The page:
In China, the subject of mental health is taboo in many circles, especially among older generations. “China still has an old-school attitude. People are reluctant to admit they are dealing with mental illness, and it is rarely discussed in most family conversations,” Jojo Zhang, a 27-year-old in Beijing who has lived with undiagnosed obsessive-compulsive disorder (OCD) from a young age, told KrASIA. “This taboo leads to a lack of understanding with it comes to mental illness. Chinese society needs to be educated about mental health and take it as seriously as physical ailments.”
With few options for therapy, Zhang found help in an unexpected place—an app. “Apps like Ease can help improve day-to-day stress management and provide useful info for better mindfulness,” she said.
Founded by Hou Xi, a former Goldman Sachs banker, Chengdu-based Ease is a localized version of Calm, a US-based service that is popular in its home market and Europe, and which provided initial funding to Ease’s endeavor. Ease has four main functions: to relieve pressure, improve sleep, support meditation, and provide personalized self-care advice. The main idea is to host a rich array of content to foster users’ self-awareness and understanding of mental health. To “relieve pressure,” for instance, Ease plays soothing audio content in sub-categories to allay stressors related to work, family life, or studies.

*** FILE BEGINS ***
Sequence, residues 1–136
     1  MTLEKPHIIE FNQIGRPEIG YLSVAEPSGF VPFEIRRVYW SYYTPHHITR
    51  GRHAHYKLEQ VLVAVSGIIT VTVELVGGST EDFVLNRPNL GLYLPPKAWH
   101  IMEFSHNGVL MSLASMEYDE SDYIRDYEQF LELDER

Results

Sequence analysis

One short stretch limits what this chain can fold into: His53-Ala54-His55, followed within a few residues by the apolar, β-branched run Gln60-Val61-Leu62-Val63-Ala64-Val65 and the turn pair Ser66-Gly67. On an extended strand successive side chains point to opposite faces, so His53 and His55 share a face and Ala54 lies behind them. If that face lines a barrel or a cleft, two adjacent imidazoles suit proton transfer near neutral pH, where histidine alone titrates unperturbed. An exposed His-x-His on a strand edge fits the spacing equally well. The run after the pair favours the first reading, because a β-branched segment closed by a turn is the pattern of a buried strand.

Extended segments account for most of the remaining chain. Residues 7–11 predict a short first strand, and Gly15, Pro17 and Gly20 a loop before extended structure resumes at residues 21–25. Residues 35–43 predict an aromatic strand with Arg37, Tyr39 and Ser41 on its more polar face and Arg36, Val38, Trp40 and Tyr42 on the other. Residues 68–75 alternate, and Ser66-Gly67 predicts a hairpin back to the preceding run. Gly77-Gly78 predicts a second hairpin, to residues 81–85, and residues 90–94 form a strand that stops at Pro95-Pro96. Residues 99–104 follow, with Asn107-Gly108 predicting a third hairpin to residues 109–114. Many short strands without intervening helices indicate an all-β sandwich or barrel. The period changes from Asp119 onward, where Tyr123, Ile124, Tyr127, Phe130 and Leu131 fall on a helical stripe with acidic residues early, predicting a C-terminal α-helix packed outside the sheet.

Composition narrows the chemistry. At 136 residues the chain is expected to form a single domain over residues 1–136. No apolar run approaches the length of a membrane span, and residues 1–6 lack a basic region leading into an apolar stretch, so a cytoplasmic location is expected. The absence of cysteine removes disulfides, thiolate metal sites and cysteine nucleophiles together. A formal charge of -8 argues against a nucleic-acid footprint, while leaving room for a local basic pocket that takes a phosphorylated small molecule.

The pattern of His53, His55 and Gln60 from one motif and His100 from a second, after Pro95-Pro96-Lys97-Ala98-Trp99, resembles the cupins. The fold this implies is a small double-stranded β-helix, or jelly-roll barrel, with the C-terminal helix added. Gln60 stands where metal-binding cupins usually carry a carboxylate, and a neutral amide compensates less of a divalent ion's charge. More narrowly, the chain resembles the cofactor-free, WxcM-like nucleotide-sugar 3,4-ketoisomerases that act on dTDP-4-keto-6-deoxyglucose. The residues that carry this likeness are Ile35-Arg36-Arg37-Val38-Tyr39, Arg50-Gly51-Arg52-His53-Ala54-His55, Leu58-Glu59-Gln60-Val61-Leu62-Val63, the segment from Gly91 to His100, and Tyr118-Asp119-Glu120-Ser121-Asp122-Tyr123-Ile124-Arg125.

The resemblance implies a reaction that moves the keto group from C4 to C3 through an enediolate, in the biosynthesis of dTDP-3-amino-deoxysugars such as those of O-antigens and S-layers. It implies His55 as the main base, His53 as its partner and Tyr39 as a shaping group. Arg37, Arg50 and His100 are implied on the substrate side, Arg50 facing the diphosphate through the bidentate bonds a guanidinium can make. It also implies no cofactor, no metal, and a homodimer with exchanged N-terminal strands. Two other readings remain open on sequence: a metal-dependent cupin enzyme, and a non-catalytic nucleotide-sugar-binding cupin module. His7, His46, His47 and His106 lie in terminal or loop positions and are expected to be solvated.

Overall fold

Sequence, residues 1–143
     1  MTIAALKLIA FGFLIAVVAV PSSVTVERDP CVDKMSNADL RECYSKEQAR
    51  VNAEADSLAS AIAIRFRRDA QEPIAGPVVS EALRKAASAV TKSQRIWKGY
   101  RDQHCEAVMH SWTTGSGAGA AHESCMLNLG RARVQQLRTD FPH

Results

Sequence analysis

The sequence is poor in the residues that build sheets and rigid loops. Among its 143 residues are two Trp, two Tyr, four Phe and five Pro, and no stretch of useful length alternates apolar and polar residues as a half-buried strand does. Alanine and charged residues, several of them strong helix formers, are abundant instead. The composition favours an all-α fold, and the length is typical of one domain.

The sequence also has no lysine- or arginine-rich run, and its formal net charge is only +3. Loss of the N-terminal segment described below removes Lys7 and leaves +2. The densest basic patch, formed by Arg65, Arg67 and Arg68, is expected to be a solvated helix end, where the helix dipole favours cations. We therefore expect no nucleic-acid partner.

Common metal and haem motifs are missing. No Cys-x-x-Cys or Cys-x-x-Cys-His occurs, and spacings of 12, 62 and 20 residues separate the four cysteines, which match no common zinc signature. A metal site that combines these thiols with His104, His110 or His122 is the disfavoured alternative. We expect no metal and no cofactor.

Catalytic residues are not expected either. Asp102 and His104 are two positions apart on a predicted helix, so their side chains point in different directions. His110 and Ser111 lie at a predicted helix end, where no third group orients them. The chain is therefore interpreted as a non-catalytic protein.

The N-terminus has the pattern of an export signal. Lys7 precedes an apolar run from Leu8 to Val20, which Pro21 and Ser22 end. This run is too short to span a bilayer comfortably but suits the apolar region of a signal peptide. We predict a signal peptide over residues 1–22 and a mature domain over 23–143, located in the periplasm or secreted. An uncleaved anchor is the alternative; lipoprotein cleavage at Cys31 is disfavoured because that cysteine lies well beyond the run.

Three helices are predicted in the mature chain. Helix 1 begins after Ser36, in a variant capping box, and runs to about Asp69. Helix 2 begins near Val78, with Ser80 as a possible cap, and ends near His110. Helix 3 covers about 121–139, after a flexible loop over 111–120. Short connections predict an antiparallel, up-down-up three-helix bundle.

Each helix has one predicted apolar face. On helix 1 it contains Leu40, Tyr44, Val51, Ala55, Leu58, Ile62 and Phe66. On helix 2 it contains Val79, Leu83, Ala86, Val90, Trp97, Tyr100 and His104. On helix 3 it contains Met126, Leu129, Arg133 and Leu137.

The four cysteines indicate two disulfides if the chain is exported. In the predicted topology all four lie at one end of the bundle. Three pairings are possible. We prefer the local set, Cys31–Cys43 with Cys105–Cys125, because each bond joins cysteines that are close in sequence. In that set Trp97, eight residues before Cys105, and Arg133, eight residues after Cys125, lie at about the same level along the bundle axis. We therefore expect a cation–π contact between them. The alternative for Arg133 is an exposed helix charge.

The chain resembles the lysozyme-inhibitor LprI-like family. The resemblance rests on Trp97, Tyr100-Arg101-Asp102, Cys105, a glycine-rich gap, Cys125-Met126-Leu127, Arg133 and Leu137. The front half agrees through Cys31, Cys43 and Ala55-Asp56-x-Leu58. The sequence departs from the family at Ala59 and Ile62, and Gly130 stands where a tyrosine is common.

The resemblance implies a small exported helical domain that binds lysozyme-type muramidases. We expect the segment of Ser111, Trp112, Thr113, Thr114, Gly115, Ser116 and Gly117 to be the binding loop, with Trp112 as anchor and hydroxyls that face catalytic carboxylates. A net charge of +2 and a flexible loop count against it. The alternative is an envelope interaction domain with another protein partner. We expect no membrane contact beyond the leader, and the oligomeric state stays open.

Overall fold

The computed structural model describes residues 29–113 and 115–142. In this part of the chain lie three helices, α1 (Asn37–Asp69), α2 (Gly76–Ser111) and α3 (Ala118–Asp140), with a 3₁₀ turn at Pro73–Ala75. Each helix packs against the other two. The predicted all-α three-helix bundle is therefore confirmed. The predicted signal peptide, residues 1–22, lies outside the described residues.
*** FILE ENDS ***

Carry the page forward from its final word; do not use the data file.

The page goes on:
Ease’s content contains a smattering of emotional management advice, as well as inspirational and self-help talks. Sections like the one on family life, which provide direction for users to navigate complex familial relationships, are an example of Ease’s localized approach.
Over the past 40 years, the sheer pace of socio-economic change has left its mark on Chinese society. The World Health Organization estimates that around 54 million people in China suffer from depression, 41 million have anxiety, and 300 million deal with insomnia. In 2011, the Chinese government enacted its first mental health law, and then followed up in 2015 with the National Mental Health Working Plan (2015–2020) to expand coverage and care. Despite these efforts, large portions of China’s mentally ill population do not have access to treatment or other mental healthcare services, according to a nationwide study in BMC Psychiatry.